Aloe petricola Pole-Evans
Stone Aloe, Rock Aloe
Aloe petricola is a solitary or sparsely clustering succulent that forms stemless rosettes of long triangular blue-gray leaves that curve up and then inwards, giving the plant a ball-like form. The rosettes grow up to 2 feet (60 cm) tall and up to 3 feet (90 cm) in diameter. Leaves occasionally have very small teeth on the upper surface, with usually more on the lower and sharp brown teeth along the margins. In mid to late winter appear the distinctly bicolored flowers, reddish-orange in the bud, opening to cream to pale yellow with faint green striped petals and dark brownish anthers, all densely stacked on the stems and opening from bottom to the top. On younger plants, the flowers are on a tall, unbranched inflorescence but are typically on multiple-branched inflorescences on older plants.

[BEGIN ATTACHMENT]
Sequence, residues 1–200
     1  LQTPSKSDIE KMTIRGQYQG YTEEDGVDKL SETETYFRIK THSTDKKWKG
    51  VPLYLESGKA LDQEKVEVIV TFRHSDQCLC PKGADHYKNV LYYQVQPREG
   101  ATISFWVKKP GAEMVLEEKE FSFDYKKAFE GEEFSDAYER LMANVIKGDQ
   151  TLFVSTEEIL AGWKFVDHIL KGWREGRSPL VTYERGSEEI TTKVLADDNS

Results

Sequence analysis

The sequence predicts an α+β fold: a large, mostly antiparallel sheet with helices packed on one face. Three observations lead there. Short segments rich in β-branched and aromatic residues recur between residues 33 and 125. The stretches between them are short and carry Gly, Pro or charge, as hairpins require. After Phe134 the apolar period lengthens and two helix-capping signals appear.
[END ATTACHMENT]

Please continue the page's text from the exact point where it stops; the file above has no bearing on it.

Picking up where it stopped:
USDA hardiness zone 9b to 11b: from 25 °F (−3.9 °C) to 50 °F (+10 °C).
How to Grow and Care
Aloe is a very forgiving plant, and a well-grown plant can be quite beautiful. However, as with all succulents, Aloe must never be allowed to sit in stagnant water, and the plant should be carefully monitored to watch for signs of overwatering. Water generously in the summer and nearly cease watering in the winter. Do not let water stand in the rosettes.
Aloes are not particularly fast-growing and will only rarely need repotting. Repot plants in the spring that are tipping over their pots or have ceased growing. Use a fast-draining potting mix with one-third sand or pebbles. During repotting of a larger plant, it is possible to carefully divide the root ball. Some kinds of Aloe will send off off-sets that can be potted independently.
See more at How to Grow and Care for Aloe.
Native to South Africa (Mpumalanga).
- Back to genus Aloe
- Succulentopedia: Browse succulents by Scientific Name, Common Name, Genus, Family, USDA Hardiness Zone, Origin, or cacti by Genus